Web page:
Make sure you have been already logged in from your Ubuntu 20.04 system. After the login, you need to open up Ubuntu’s shell console to do work within it. To make sure that your system is up to date, try using the “apt” instruction to update and upgrade it with sudo rights. After that, we need a C++ file to start adding our C++ code to it. If you don’t have one, don’t worry. Try making one with Ubuntu’s “touch” instruction on the shell with the new name of a file having a “cc” extension with it. Most probably, this file can be found in Ubuntu’s home folder. You need to open it so that we can create code in it. For opening it, you may use the Linux built-in editors like a text editor, nano editor, or vim editor. We will recommend you to use either the “nano” editor or the text editor because both these editors are easy and convenient to use while coding and execution.
Let’s begin with our article’s first example. Within this example, we will not be making use of the “std” namespace along with the cout object to see how it results. So, within the empty C++ file, add the C++ standard input-output stream header in our code. This will allow the C++ program to take input and display the output value on screen. We have been utilizing the main() function of C++ to perform the implementation of logic in the code. Within the main() function, we have been simply using the “cout” object or statement to display a string-type text value on the shell screen of the Ubuntu 20.04 system. After this, the return 0 statement is used to quit the program with zero errors. Now the program is completed and ready to be compiled. Make sure that your Ubuntu 20.04 system has the G++ compiler for the C++ language already installed and configured to make the code error-free. Save the code shown below by utilizing the “Ctrl+S” shortcut and exit the Gnu Nano editor via the Ctrl+X shortcut usage.
After you have done coding, try using the g++ compiler to compile the code. In doing so, we have got the error showing that we have not been using the standard namespace before the cout object. This means, to make our code error-free and cout works, we need to add the “Std” keyword as a namespace for the cout statement object. Let’s change the code now.
So, open the file “stdcout.cc” once again in the Nano editor by utilizing the “nano” instruction on the shell. Now, the file is opened. We will be updating it by adding the “std” namespace before the “cout” object in the main() function separated by the “::” double colon sign. As we have been using the “endl” object to add a line break after the display of text, we need to use the “std” namespace for this object as well. So, we have to use the “std” namespace before the “endl” object separated by double colon “::” as shown in the below image. Without the use of the std namespace, we may not be capable of accomplishing the results. Let’s save our code with the Ctrl+S shortcut key on the nano editor and exit the editor with the Ctrl+X shortcut.
After compiling the above-updated code with the G++ compiler, we got the code error-free and it was successful as it doesn’t return anything. After the use of the execution command “./a.out” on the shell, we have got the text string displayed on our shell screen. You can see the use of both the commands and the output in the image below.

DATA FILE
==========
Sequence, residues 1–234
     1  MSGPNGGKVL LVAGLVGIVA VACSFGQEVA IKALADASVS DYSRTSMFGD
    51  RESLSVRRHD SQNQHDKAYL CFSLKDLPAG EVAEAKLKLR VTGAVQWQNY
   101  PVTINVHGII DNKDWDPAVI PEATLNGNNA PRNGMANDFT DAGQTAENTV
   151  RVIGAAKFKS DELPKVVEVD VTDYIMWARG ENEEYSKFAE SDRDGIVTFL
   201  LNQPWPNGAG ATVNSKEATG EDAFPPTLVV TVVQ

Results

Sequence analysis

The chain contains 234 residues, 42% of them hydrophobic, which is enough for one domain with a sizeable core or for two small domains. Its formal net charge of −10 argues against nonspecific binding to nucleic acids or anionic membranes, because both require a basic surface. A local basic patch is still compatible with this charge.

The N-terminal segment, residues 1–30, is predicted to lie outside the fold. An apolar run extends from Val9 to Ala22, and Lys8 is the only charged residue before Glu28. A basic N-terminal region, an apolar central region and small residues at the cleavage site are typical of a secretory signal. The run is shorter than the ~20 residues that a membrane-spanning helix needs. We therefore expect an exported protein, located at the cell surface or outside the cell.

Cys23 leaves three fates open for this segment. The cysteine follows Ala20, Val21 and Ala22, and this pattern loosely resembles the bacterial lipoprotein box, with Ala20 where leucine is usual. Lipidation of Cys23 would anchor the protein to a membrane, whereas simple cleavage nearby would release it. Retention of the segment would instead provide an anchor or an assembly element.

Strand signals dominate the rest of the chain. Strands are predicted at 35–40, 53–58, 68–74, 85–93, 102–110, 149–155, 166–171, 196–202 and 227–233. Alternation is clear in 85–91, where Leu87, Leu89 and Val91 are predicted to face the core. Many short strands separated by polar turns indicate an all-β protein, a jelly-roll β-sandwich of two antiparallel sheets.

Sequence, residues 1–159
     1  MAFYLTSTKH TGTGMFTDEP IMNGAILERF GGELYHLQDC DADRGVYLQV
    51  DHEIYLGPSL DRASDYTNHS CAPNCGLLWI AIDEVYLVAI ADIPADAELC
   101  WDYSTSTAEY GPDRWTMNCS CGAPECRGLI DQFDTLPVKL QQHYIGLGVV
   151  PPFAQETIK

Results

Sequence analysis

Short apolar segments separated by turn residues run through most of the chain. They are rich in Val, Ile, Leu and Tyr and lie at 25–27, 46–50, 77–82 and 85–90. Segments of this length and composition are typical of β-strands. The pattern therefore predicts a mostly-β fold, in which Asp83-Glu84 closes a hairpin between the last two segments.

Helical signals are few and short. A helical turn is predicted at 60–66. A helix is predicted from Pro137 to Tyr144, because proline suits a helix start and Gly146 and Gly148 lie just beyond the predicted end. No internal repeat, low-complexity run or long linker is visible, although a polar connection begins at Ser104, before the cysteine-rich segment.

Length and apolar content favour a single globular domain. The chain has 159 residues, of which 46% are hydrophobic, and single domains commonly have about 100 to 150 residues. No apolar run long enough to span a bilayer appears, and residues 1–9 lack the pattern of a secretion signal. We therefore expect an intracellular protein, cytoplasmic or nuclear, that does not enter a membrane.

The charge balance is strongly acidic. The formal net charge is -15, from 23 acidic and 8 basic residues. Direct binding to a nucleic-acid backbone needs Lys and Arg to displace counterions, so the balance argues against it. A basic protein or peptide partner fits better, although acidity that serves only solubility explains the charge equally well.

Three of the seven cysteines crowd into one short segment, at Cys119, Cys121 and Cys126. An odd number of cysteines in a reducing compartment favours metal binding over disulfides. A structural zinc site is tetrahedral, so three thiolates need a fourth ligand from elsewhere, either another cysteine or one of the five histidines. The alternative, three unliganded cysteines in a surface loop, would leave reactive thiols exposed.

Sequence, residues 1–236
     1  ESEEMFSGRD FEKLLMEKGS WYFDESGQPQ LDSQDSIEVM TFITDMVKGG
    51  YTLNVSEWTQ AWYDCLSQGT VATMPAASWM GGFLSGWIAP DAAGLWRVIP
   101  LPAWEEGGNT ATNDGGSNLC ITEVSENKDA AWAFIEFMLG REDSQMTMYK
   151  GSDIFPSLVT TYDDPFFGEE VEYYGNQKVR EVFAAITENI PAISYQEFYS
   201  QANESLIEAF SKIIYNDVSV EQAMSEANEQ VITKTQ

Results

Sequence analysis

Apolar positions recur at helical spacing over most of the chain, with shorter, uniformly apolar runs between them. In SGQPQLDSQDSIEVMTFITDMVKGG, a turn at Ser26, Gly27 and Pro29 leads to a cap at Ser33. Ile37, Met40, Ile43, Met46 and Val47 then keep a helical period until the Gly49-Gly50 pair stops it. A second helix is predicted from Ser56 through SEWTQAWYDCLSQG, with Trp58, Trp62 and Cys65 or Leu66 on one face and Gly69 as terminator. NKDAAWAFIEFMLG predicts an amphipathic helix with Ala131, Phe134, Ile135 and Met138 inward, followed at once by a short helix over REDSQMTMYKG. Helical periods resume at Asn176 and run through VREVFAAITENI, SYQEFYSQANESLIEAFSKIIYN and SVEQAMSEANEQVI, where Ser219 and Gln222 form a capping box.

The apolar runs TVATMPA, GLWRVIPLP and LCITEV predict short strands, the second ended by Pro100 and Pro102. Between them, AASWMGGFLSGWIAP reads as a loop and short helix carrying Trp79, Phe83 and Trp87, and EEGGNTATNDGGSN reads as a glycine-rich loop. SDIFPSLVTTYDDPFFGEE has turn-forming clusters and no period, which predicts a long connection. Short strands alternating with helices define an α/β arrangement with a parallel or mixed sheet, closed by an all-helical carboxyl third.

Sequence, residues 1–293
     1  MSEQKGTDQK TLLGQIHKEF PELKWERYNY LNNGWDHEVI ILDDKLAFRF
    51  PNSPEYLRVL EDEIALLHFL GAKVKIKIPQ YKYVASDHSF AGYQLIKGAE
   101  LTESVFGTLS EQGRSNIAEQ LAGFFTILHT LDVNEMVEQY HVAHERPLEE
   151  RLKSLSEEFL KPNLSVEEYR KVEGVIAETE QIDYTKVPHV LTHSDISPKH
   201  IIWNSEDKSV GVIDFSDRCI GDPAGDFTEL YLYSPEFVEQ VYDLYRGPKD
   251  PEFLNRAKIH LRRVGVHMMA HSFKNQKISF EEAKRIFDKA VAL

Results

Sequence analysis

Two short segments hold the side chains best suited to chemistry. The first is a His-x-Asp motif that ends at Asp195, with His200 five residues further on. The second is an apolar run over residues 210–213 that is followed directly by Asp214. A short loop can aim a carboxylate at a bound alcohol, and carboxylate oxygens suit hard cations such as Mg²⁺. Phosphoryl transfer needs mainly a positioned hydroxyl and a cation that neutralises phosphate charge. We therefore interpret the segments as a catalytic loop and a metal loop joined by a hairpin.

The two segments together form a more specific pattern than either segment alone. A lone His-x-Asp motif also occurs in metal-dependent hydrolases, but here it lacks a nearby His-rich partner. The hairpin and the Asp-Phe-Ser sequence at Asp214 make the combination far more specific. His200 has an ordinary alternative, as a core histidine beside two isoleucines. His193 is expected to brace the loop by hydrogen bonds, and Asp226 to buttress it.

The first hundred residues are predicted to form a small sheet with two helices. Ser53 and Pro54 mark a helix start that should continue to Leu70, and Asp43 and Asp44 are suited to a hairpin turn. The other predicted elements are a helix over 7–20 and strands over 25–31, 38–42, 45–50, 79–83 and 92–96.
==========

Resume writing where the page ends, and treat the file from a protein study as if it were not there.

This was the first method to make use of the “std” namespace along with the “cout” object to display the output on our shell screen while using the g++ compiler. If you want to avoid using the “std” namespace with the cout like objects and “endl” object, you can also do that in your C++ code. For that, you need to define the “std” namespace at the start of the code before the main() function and after the headers or libraries. So, we will be using this example to see the second method of using the “std” namespace separately to get the same result as we got with the use of “std” with the “cout” object. So, we have opened the same file and added the “using namespace std” line before the main() function shown in the image below. We didn’t use the “std” namespace with the “cout” object after that within the main() function. Let’s save the code and see how it results.
After compiling and executing this C++ program, we have got the same results as we got in the above example. But, in general, the use of std namespace before the main() function doesn’t consider good practice in C++ programming. So, make sure to avoid it.
Let’s take a look at the last but not the least example of using the “std::cout” in our C++ program. Within this example, we will also looked at the use of “std::cin” to get input from the user to display it on the shell after that. So, the first “std::cout” is used to display that we have to enter something as an input. An integer variable “var” of size 5 has been declared. After this, the “std::cin” is here to take input from the user and save it to the variable “var”. This input must be of “integer” type otherwise the compilation will through an error. The last “std::cout” statement is utilized to exhibit the variable value in the shell.
After the code compilation and execution, the user has added the integer value separated by space. But the variable has taken only the first value before the space and displayed it and doesn’t consider the space and after that as an integer value.
This was all about the use of the “std::cout” statement in C++ using different methods. We have taken a look at the program which was not using the “std” with cout statements and understood how much the “std” keyword is necessary for our C++ code. The code examples also include the use of “std” before the “cout” object and before the main() function so that our users can not miss anything while learning.